Stack Overflow is a community of 4.7 million programmers, just like you, helping each other.

Join them; it only takes a minute:

Sign up
Join the Stack Overflow community to:
  1. Ask programming questions
  2. Answer and help your peers
  3. Get recognized for your expertise

the problem I am encountering is the following:

I have a UITableView which I feed with data from an NSFetchedResultsController which retrieves around 6000 rows from core data. The fetchBatchSize of the NSFetchRequest is set to 20 and if I do not apply any NSSortDescriptor the fetch is fast enough to not block the UI thread.

However, I do need to display those rows sorted alphabetically for which I use the following NSSortDescriptor:

[[[NSSortDescriptor alloc] initWithKey:@"optionText" ascending:YES selector:@selector(localizedCaseInsensitiveCompare:)] autorelease];

And here is when things change, the fetch operation now takes around 3 seconds to complete because the 6000 rows are being sorted. Obviously during those seconds the UI is blocked and the user experience is terrible.

I know that I could do the fetch in a background thread and then pass to object IDs to the main thread, but in that case how could I still use the NSFetchedResultsController in the main thread (I am also using it to observe changes on the data)?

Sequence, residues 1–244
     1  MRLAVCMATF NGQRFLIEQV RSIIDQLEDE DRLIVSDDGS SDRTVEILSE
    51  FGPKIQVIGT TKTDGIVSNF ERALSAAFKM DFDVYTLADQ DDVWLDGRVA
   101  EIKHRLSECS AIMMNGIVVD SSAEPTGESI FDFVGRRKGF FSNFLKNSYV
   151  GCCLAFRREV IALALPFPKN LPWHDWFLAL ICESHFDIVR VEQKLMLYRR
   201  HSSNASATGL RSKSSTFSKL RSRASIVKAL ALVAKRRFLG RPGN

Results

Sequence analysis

I have also indexed the attribute on which I am sorting but that only optimises look-ups and not sorting performance.

Any ideas would be much appreciated, thanks!

share|improve this question
stupid question but I guess you can't pre-sort the data before you load it to Core Data? – Max MacLeod Feb 8 '12 at 11:44
Stupid question, at the time that you run the fetch request what's the value of managedObjectContext.hasChanges? – Drew Jan 25 '13 at 6:53
up vote 0 down vote accepted

First of all, NSFetchedResultsController is typically used on main thread. And It does not support background fetch till now Apple release iOS 6.

So when you invoke the performFectch of NSFetchedResultController, you must "block" the main thread for a while. However we do want the time to be minimal.

(As far as I could remember, you must set a sort descriptor to NSFetchedResultController. So I am not sure how did you make it work while not set a sort descriptor. have a look at the class reference)

I am not sure if you are using Sqlite Store. If so, I can hardly believe your sort descriptor work. (have a look at Core Data Programming Guide: Trouble shooting section). If not,keep so many datas in memory would not be a good idea

Finally we reached the point why it's slow. This sort using "localizedCaseInsensitiveCompare:" makes your fetch slow as compare Unicode string would be slow. (mentioned in WWDC 2010 Core Data Performance on iPhone).

As many of other application, you should create a non-Unicode string field/property based on your "optionText" and sort based on that non-Unicode string property.

share|improve this answer
could anyone explain the down vote? – Bob Cromwell Nov 20 '12 at 3:43